“I’m disappointed in how the council handles communicating with the planning committee. No one knew anything about the removal of the code officer. The planning members looked foolish because no one could answer the public’s questions. It’s absolutely inexcusable that we had to hear about it from a third party,” Beach said.
A view of the new children’s room at the library. (Submitted photo)
West Newton Public Library will hold a fundraiser from 1 to 4 p.m. Sept. 19 at the Le Grande Balll Room, 105 South Second St., said Robin Matty, library manager.
Tickets to the annual “Tea-riffic” cost $20. Tickets can be purchased at the library or at Gary’s Chuck Wagon Restaurant 105 South Second St, during restaurant hours and library hours. The event will include refreshments, a gift basket auction and other games.
In other news, Matty is encouraging all residents of the West Newton area to visit the newly remodeled and rededicated children’s room at the library.
Serra Marching Band student leaders are, in front from left, drum major Abigail Bernick, tenor sax soloist Maigen McGinty, and flute soloist and heroine Paige Rock. In back are Joe Crossen, drum major, trumpet soloist, and matador; bass clarinet soloist Jordan Premozic; and color guard captain Madalyn Peairs.
Surprises and finishing touches still were being tweaked as Serra Catholic High School’s marching band students and adult personnel completed the first week of camp for “El Matador” on Aug. 13.
“This year’s show is about a matador who falls in love with a beautiful lady in the crowd,” band director Jesse Bush said. “There is of course a bullfight in the show, and hopefully a really awesome ending that I don’t want to spoil.”
Drum major Joe Crossen has a trumpet solo. In addition to his musical talents, he’s tasked with bringing the story of the matador to life.
A giant sun prop stage in the middle of the field will be featured when McKeesport Area High School Marching Band kicks off its 2021 season with a return to competitions, festivals, and home and away football game performances.
“We wanted it to be exciting, festive, happy, a celebration of life,” band director Drew DeCarlo said of the “SOLARbration!” theme.
Band booster Mark St. Clair designed the sun prop, with painting by Anna Chapell.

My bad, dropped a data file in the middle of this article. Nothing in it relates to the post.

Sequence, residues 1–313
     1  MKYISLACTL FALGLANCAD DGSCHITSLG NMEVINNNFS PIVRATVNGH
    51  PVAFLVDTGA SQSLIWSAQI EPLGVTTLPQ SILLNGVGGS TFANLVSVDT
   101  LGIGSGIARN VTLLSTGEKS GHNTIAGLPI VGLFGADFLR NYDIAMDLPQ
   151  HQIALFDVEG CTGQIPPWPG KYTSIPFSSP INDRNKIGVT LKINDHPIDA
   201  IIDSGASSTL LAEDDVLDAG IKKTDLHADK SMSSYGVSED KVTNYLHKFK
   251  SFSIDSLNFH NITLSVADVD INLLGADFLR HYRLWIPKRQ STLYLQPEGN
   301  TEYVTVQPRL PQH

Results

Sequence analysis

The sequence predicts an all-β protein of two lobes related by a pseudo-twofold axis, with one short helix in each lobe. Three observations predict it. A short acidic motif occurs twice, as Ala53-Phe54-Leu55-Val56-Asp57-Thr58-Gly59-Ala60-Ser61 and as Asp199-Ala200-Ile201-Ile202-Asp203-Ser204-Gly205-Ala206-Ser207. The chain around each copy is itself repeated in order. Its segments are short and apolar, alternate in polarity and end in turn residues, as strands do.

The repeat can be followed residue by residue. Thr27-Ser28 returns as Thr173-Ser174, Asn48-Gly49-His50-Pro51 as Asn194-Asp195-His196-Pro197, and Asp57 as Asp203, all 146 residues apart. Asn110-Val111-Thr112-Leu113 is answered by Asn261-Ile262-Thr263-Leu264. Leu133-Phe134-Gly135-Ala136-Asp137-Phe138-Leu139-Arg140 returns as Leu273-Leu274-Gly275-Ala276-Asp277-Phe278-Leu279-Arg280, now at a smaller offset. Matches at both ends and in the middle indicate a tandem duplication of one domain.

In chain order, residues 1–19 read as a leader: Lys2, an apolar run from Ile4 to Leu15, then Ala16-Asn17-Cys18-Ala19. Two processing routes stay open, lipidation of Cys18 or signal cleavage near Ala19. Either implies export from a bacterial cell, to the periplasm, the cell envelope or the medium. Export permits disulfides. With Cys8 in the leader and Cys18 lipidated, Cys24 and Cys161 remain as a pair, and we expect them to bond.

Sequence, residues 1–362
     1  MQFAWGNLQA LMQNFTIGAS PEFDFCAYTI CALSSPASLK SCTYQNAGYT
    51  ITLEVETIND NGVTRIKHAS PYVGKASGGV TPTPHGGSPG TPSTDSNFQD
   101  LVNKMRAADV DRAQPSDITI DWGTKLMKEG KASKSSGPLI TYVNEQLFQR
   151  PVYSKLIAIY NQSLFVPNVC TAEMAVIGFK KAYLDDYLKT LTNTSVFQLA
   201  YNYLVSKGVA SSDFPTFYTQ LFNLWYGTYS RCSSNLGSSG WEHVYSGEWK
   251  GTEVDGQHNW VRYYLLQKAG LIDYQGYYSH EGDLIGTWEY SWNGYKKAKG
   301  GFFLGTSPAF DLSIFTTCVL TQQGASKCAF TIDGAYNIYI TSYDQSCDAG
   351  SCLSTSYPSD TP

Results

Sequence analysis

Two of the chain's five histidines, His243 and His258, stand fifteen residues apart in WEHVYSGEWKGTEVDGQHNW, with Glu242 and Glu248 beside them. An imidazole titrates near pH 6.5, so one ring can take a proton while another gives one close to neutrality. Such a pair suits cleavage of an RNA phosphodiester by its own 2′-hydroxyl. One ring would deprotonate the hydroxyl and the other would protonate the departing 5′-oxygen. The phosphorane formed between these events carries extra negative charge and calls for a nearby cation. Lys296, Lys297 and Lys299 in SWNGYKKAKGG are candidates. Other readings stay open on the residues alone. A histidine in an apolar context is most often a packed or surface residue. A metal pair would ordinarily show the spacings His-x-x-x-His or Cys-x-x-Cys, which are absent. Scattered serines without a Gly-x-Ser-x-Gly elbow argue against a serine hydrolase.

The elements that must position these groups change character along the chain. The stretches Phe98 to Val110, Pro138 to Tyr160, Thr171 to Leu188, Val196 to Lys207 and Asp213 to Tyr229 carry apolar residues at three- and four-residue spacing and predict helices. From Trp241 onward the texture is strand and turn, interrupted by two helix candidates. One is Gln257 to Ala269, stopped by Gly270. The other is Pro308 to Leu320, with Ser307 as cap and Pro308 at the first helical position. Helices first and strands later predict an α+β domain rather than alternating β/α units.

A trailer for the show in May on the band’s YouTube site showcased how different cultures throughout history have celebrated the sun. “After last year (with COVID-related performance restrictions and other difficulties), we wanted something very different,” DeCarlo said. “There is a lot of percussion, even a rainforest-like sound.”
The Casturo family has been awarding scholarships at International Village for three decades — and didn’t want to break the streak just because there was no event last year.
Usually, two scholarships are announced on the last night of the event, Tracy Casturo said.
This year, despite a severe thunderstorm on Thursday night that forced entertainment at Renziehausen Park to end early, four winners of Casturo Family Educational Achievement Awards were announced from the main stage.
Two scholarships were awarded for 2021 and two for 2020, Casturo said Friday. “We have been doing this for 29 years and didn’t want to skip it” for 2020, she said.
The Rankin Junior Tamburitzans practiced for months for their day on stage. The group performed Wednesday night. (Vickie Babyak photo for Tube City Almanac)
Despite intermittent rainy weather and hot, humid days, many residents from McKeesport and surrounding areas came out to Renziehausen Park to enjoy different nationality foods along with entertainment.
Held Tuesday through Thursday, the three-day celebration of ethnic heritage was welcomed after last year’s cancellation due to the COVID-19 pandemic.
Susan Skvarla of Irwin, who attended along with her husband, Skip, said their favorite foods are halushki, pierogies and stuffed cabbages. Skvarla said she hadn’t been to International Village for years because it fell on days when she was vacationing.
“A friend mentioned International Village was happening so Skip and I wanted to have the experience this year,” she said.
Despite three recently repaired holes in Rebecca Street and shiny new bolts on this fire hydrant near McKeesport Auto Body — site of a massive fire on July 16 — officials of the Municipal Authority of Westmoreland County will not confirm or deny they have done any work in the area. (Tube City Almanac photo)
Almost a month after a massive fire destroyed a McKeesport car-repair shop, the water authority serving the city has lifted the final restrictions on drinking water in the area.
In giving five homeowners the “all clear” on Thursday to resume using their water, the Municipal Authority of Westmoreland County also hinted that it will take legal action to recover what it called the “excessive” costs of dealing with the contamination of the water supply in parts of the lower 10th Ward.
But when pressed on who or what the authority wants to hold responsible, a spokesman refused to answer questions.
“I have told you all I have to say on this issue today,” Matt Junker, authority spokesman, told Tube City Almanac on Thursday afternoon.
Train rides, live music and a dip into the Heritage Hill Pool were all part of the fun at this year’s White Oak Community Day.
Held Saturday at Heritage Hill Park, featured vendors included Paint Parties & More, the White Oak Rotary Club, the Rainbow Volunteer Fire Co. and the FIRST Robotics team from McKeesport Area High School.
For Debbie Washowich, co-owner of Paint Parties & More, participating in community day was a natural fit.
A fire in a pile of construction debris on Thursday afternoon was likely started by a lit cigarette, McKeesport firefighters said.